The US News & World Report has published its “Best Diets” for 2023. The NIH’s DASH Diet ranks number 1 for “Best Heart-Healthy Diets,” “Best Diets for Diabetes,” and “Best Diets for Bone & Joint Health” categories. Maybe you’ve been curious about trying the DASH diet for high blood pressure. Well, we’ve got some great info about it that may help you decide whether it’s worth a shot!
Understanding Blood Pressure
When your blood pressure is measured, you’ll see two numbers. Systolic blood pressure (the first number) indicates how much pressure your blood is exerting against your artery walls when the heart beats. Diastolic blood pressure (the second number) indicates how much pressure your blood is exerting against your artery walls while the heart is resting between beats.
Although either number can classify as high blood pressure, typically your doctor may be more concerned with the first (systolic). High systolic blood pressure is more likely to indicate stiffness of large arteries, long-term buildup of plaque, or other cardiac or vascular diseases .
Blood pressure is measured as mm Hg or millimeters of mercury. Although most blood pressure machines are now digital, this unit of measurement is a relic of earlier medicine. The first accurate pressure gauges contained mercury that rose on a scale of millimeters.
Should I Be Concerned with My Blood Pressure?
Checking your blood pressure regularly is important. According to the CDC, roughly 1 in 3 adult Americans live with high blood pressure. In 2002 the estimate was 1 in 5. Deaths attributable to high blood pressure, a major risk factor for atherosclerotic cardiovascular disease (CVD) rose by 37.5% from 2005 to 2015 in the United States . Cardiovascular disease is the leading cause of death in the U.S. and kills 1 in 4 Americans .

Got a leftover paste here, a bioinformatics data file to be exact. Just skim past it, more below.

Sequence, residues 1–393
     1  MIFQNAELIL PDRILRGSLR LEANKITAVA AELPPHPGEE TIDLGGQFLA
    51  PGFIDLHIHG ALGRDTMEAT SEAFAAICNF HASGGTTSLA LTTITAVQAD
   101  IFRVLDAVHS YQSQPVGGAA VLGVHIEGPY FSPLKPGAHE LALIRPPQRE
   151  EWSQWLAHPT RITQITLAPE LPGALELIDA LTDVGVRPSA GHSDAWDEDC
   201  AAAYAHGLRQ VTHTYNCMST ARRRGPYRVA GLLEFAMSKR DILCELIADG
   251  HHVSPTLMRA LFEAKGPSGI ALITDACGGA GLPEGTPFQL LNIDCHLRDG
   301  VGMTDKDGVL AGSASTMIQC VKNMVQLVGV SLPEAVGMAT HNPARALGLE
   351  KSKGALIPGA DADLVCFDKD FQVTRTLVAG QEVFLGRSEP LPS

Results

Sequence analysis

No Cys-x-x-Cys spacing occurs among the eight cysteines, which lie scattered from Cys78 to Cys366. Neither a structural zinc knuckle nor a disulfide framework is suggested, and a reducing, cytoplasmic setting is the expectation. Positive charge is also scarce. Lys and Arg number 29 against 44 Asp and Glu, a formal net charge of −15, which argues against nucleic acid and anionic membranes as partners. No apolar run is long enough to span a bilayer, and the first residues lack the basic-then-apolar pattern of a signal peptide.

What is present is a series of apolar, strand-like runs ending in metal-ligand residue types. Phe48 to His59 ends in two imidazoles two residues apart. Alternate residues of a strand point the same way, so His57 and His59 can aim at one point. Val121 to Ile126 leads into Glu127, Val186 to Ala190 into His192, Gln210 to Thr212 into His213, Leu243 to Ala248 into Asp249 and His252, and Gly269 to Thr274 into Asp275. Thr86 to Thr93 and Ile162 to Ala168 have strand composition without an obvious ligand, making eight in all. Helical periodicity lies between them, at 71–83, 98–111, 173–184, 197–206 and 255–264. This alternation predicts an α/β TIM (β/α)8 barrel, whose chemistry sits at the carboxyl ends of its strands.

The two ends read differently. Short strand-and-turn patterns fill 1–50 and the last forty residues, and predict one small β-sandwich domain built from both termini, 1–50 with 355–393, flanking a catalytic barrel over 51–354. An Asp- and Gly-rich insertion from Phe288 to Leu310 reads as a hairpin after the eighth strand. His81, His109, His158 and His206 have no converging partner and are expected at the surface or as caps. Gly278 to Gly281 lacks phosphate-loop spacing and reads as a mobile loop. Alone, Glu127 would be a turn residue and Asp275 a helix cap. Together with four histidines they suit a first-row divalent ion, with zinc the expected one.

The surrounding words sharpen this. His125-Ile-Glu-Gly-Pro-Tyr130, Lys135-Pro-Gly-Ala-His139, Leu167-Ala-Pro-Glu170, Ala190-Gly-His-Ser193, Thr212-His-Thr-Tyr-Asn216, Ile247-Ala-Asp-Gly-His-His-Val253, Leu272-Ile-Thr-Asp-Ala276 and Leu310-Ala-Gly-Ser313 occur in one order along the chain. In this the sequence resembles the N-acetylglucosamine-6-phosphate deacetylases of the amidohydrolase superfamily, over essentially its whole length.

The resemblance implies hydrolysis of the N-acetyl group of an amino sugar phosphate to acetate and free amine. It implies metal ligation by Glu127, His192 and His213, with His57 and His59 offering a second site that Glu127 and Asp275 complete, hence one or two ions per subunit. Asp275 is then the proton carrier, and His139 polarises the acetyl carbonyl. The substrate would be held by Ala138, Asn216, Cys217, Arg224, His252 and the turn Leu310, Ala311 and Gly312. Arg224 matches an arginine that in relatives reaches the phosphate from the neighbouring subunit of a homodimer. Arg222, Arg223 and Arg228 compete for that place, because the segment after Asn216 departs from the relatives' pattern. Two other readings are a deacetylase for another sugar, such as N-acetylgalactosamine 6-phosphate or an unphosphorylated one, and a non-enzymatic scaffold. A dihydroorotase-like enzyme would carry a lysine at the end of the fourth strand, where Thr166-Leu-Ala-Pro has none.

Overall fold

Normal, healthy blood pressure falls in the range of 90/60 to 120/80. Any reading below or above that range indicates a potential problem.
“Elevated blood pressure” is when readings are consistently between 120/80 and 129/80. “Hypertension”, which means “high blood pressure”, is any consistent reading over 130/80. Even consistent elevated blood pressure is a good reason to contact your doctor, and come up with a plan to bring your blood pressure down.
If your blood pressure ever exceeds 180/120, call your doctor immediately, or 911 if you are experiencing any other symptoms. This reading is considered a hypertensive crisis and could indicate organ failure.
What is the DASH Diet?
DASH stands for Dietary Approaches to Stop Hypertension. It is not a treatment or cure for high blood pressure. It has, however, demonstrated its ability to help dedicated followers reach and maintain a healthier weight, healthier blood glucose, and healthier blood pressure readings. All this, just by guiding healthier choices about which foods to choose.
To win its top ranking as “Best Heart-Healthy Diet,” “Best Diet for Diabetes,” and “Best Diet for Bone & Joint Health” in 2023, the DASH diet had to qualify as nutritious, safe, easy to follow, effective for weight loss, and protective against diabetes and heart disease .
The DASH diet emphasizes vegetables, fruits, and whole grains, and includes fat-free or low-fat dairy products, fish, lean meats and poultry, beans, nuts, and vegetable oils. It limits foods high in saturated fat, tropical oils, sodium, and those with added sugar. Studies show that by increasing fiber, protein, and minerals such as potassium, calcium, and magnesium, people following DASH can naturally lower their blood pressure .
The following chart shows, specifically, how many servings of different food types you should aim for when committed to the DASH diet.
|Food Group||Servings Per Day|
|Meats, poultry, and fish||6 or less|
|Low-fat or fat-free dairy products||2-3|
|Fats and oils||2-3|
|Sodium||Less than 2,300 mg/1,500mg for high blood pressure|
|Food Group||Servings Per Week|
|Nuts, seeds, dry beans, and peas||4-5|
|Sweets||5 or less|
How does the DASH Diet target High Blood Pressure?
When following the DASH eating plan, choose foods that are:
- Low in saturated and trans fats
- Rich in potassium, calcium, magnesium, fiber, and protein
- Lower in sodium
Saturated and Trans Fats